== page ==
The Transportation Security Administration has told Congress that it's finished retrofitting airport scanners to blunt a widely criticized technology that shows graphic detail of a passenger's body as he or she goes through security checkpoints.
There are risks aplenty for a U.S. lawmaker who makes a surprise visit to a war zone, as Sen. John McCain recently did when he crossed the border from Turkey into Syria.
The perils to life and limb go without saying. But there are also other risks: trying to tell the good guys from the bad guys; or being victimized by disinformation from unfriendly Middle Eastern interests.
While McCain got out unscathed from Syria, where he visited rebels fighting Syrian President Bashar Assad's forces, he may have had less success navigating the other risks.
Magic is compelling when it actually amazes, accomplishing the difficult feat of freeing its viewers from disbelief and letting them bask in the wonder of seeing what they know is impossible. Movies work the same way, and part of the equation for both is developing the right expectations.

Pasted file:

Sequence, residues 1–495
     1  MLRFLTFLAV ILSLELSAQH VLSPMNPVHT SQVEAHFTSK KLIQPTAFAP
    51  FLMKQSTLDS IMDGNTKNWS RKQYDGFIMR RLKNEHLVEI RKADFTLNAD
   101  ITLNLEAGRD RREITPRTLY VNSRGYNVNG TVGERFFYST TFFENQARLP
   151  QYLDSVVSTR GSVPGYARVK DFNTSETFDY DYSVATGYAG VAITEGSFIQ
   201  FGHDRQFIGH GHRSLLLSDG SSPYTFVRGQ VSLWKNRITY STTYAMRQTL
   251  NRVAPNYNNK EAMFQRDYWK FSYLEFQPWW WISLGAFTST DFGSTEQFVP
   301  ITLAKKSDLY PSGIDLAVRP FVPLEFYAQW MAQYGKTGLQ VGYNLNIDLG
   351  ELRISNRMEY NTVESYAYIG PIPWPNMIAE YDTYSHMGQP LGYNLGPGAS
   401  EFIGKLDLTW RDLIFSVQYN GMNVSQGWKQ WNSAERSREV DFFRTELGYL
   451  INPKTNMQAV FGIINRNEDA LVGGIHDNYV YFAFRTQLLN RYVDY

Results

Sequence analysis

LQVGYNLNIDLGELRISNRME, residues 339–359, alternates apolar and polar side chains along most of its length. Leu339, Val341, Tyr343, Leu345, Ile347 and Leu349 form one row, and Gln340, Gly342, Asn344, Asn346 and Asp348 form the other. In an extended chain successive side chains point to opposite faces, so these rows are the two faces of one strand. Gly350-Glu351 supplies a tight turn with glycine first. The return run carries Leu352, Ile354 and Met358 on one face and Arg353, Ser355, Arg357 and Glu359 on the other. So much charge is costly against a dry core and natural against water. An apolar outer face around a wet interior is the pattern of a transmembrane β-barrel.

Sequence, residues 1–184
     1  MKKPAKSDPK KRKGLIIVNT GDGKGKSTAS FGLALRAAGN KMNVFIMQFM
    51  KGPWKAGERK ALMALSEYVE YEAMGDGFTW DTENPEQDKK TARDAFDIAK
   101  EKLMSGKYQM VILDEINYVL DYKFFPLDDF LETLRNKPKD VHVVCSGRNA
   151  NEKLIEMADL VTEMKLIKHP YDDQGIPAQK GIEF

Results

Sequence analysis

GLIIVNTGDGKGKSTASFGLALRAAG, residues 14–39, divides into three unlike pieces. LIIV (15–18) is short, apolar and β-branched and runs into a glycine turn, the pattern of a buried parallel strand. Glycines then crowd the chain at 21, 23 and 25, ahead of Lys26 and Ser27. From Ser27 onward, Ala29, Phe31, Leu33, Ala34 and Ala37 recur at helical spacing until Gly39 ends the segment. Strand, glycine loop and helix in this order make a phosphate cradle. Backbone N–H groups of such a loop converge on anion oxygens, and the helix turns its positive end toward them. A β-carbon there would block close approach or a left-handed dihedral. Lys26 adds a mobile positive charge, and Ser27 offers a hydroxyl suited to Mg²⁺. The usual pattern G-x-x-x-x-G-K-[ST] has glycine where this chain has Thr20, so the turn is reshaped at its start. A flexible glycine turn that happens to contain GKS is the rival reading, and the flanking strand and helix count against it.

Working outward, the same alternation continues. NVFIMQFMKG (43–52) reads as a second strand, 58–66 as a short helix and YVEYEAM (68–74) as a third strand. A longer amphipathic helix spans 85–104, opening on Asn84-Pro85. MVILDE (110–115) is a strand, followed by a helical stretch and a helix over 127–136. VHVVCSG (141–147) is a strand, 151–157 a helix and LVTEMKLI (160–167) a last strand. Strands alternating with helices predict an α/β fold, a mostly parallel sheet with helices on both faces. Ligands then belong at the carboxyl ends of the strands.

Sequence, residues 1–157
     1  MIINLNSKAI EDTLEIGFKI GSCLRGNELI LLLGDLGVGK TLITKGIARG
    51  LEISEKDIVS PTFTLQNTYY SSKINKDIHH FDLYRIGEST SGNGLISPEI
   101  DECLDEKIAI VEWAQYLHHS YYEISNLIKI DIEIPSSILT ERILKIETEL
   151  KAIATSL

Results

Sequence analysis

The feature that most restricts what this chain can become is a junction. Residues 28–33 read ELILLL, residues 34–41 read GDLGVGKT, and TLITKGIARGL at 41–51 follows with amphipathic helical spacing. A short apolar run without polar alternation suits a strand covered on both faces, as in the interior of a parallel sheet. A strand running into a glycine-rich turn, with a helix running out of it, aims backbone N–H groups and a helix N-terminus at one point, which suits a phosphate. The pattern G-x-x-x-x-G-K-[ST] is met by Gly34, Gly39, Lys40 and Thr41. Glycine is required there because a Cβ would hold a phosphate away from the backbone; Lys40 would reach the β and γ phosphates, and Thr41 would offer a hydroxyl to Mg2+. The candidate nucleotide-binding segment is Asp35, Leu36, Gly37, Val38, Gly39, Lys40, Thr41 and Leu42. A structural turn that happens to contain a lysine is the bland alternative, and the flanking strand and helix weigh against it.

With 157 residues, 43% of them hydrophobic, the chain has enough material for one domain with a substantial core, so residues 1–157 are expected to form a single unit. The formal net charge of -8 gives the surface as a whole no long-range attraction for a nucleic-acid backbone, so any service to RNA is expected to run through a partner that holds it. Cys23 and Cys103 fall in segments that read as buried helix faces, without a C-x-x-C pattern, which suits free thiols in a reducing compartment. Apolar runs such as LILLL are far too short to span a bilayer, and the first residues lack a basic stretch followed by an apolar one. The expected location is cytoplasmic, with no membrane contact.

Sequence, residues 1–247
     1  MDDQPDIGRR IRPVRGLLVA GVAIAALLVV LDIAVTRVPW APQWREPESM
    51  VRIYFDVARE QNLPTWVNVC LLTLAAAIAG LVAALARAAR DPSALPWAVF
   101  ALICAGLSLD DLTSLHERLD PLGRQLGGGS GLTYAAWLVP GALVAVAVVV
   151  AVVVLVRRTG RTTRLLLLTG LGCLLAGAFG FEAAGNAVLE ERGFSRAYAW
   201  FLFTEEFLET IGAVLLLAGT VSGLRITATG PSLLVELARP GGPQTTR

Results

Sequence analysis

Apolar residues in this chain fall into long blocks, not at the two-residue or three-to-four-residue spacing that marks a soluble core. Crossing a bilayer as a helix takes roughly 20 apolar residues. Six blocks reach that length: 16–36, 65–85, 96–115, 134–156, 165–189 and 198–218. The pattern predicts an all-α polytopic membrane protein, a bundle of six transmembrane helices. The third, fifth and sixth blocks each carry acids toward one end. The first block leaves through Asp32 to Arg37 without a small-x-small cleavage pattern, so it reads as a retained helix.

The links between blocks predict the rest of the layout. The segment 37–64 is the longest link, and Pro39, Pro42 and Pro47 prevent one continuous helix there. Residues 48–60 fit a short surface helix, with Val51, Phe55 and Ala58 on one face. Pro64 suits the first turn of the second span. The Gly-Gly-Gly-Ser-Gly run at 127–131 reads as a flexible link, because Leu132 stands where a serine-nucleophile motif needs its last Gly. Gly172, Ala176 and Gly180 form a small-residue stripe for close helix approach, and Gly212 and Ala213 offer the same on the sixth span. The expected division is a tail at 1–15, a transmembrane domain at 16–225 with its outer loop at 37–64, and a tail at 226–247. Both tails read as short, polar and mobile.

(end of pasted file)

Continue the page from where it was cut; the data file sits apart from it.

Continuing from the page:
It might come as a surprise that for centuries the French have been sans a term for "French kiss."
But, voila! The newest edition of the Petit Robert 2014 dictionary has rectified that with a new verb — "galocher," meaning "to kiss with tongues." It's a clever derivation of la galoche, a word for an ice-skating boot, and so evokes the idea of sliding around the ice — or the lips and tongue.
The clock is ticking for those who hope Illinois will become the 13th state to legalize same-sex marriage.
The Illinois General Assembly is scheduled to adjourn its spring session Friday night, and the marriage equality bill still has not been called for a vote in the state House, where supporters are struggling to round up the 60 votes necessary to pass it.
If you stand in front of Almena and Sidney Poray's house in Baton Rouge, La., and look straight down the street, past the other houses and the shade trees, you see more than a dozen plumes of exhaust in various hues of gray and white.
"That's something you see every day, the same thing if not more," says Almena Poray. "Sometimes it's a darker gray; sometimes it's a black smoke coming out."
Pull into the Bourbon Drive-In just off U.S. Highway 68 near Paris, Ky., and it's like stepping back in time. Patricia and Lanny Earlywine own the 7-acre drive-in. It's been connected to the family since the theater opened in 1956. Even the popcorn machine is original.
"To do a drive-in, it sort of gets in your blood. You have to love it," Patricia says.